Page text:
Dr. Clark was the Cook family physician. He and Mrs. Clark and Father, George and David had toured Europe in the same party. Naturally Mother Cook expected us to consult Dr. Clark, but I hadn’t even considered him. I didn’t like the idea of going to him about a baby. He was old, for one thing, and had the most enormous hands I had ever seen. Somehow I couldn’t face his rubbing my insides and then shaking hands with me at parties. I wanted Dr. Pelton, who was said to be the best surgeon around. He had tiny but strongly knit hands and he gave me a feeling of confidence.
George said I should have the physician I wanted and we invited Dr. Pelton to take care of me. He was long past the stage of taking baby cases because he had so many operations, for he was a surgeon, and babies are not respecters of a doctor’s convenience. However, he hoped the baby could come at night so he took me on at the usual $25.00 fee.
Doctors didn’t give the care to expectant mothers then that they do now [not certain the date of Una’s writing] and I saw very little of him. Once I remember visiting his office because I had a terrible cold. George had told me that you shouldn’t have medicine while you were pregnant, so all I had taken was quinine, our family remedy for colds. I hadn’t felt good afterward, especially Sunday when we were in church all day. So Monday I went to see Dr. Pelton. I told him with naiveté that I knew I shouldn’t take medicines so all I had taken was quinine. I can see him now as he said in a very gentle voice, “Didn’t you know that quinine is used to bring on miscarriages?” That really scared me.
At that time, among the friends I had made, I had only two young friends of my age, except Nettie Ashman, and my most intimate one was the wife of Dr. James Chalmers, pastor of the Congregational Church. They lived just across Division Street from Mother Cook. Mrs. Chalmers was a very sentimental but nice person about ten years older than I. She had married young and had three or four children. Just why she was drawn to me I do not know but from the first she set out to cultivate me. It is more than likely that gossip was circulating about Mother’s opposition to me and this had aroused Mrs. Chalmers’ interest. She took me under her wing and, one day, very frankly told me that because I had married into a wealthy family I would have to be the one to make overtures to other people. My family’s prominence made it necessary.
She gave me other pointers and finally stumbled onto the gossip that had circulated in Elgin before our marriage. How opposed Mother had been to our marriage. She was shocked to learn that I knew nothing about the “Bishop’s Daughter” and her opposition to our marriage. She was so sincere a woman that I felt sure of her friendship from that moment. She became my closest friend. She gave me patterns for my layette, the Gertrude Patterns, and I went to her often for advice.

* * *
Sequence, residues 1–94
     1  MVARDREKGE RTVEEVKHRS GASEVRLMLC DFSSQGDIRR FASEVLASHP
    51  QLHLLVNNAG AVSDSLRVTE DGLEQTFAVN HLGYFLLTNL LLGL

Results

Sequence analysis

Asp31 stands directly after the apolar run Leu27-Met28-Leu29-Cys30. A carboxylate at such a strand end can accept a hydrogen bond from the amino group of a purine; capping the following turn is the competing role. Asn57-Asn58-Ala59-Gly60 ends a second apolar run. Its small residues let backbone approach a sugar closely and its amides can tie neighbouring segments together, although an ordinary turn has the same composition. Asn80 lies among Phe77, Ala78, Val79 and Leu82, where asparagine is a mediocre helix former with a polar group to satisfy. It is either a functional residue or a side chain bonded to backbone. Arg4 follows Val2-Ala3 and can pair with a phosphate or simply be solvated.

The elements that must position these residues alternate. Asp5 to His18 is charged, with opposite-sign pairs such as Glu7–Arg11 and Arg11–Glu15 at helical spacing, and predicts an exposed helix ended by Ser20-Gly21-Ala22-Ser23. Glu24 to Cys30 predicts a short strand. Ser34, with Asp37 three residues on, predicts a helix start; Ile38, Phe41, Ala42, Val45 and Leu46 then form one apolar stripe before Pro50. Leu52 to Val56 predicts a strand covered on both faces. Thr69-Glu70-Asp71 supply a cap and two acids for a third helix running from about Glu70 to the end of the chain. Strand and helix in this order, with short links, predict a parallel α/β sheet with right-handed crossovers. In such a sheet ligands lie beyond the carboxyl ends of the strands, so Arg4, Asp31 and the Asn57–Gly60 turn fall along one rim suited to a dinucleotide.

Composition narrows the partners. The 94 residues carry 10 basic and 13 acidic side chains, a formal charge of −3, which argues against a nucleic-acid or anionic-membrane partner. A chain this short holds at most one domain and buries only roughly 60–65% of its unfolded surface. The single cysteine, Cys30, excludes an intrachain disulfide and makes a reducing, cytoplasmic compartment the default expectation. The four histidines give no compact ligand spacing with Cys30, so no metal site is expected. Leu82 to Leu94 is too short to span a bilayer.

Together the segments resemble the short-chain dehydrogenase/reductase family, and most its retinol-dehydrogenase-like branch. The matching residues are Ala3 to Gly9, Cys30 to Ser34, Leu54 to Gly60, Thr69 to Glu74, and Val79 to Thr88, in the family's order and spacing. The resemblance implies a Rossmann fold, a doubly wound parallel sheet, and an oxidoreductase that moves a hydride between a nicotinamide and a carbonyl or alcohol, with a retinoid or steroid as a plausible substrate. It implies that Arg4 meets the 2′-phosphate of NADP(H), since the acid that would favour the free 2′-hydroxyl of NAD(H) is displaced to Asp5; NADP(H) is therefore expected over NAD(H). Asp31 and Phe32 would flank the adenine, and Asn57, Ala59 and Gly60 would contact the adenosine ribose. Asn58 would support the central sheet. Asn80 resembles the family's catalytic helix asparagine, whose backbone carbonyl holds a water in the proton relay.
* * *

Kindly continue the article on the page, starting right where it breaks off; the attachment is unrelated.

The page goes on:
George had been a member of the Congregational Church in Evanston. Dr. Chalmers used to coax us in front of Mother Cook to unite with his church. When M.C. [Marguerite Cook] upbraided him, he reminded her that George was a Congregationalist; therefore he was not proselytizing.
Our baby was due in January or February. My layette was complete and sterilized sheets were purchase early on. I made and bought Christmas presents. Nearly everything was wrapped and ready early in December. I still, however, had George’s gift to buy and I decided to make one more trip to Chicago to shop and to see Mama. We always stayed overnight at Mama’s (6149 Ellis Avenue). [Refers to Una’s mother.] Although I was well along, I was not large at all and the doctor had commented about it but I seemed to be as strong as usual, not too peppy. When I had worn a maternity dress, George had asked if I were not rushing the season by advertising my condition.
We took an early train to Chicago. I made my purchases and then went out to Mama’s in Woodlawn. George went downtown early the next day. I was to meet him at Union Station for a five o’clock train. Some time in the morning Howie, or Dade, in dashing through the long hall, ran into me in the doorway. He hadn’t seen me behind the curtain. It startled me but we thought no more of it. I met George as planned and we boarded the train for Elgin. The trip took an hour and it seemed the longest ride I had ever taken. I began to feel queer and, as people spoke to us in the train, I remember how far away they seemed. It never occurred to me, however, that there was anything peculiar the matter with me. I was used to not feeling so good.
We took a cab home as usual (flat rate a quarter) and dinner was ready. We ate and went up to the den where George worked at night. I began to feel worse and decided I’d take a hot bath and go to bed. I drew the water and climbed in. I was having pretty mean gripes now and decided I shouldn’t have eaten any dinner but the warmth of the water seemed to make the pain less. After lying in the tub for some time I climbed out and went into the sewing-room and lay down on the couch. Why I didn’t go to bed, I don’t know. I finally suggested to George that he’d better talk to the doctor who could maybe suggest something to stop my gripes.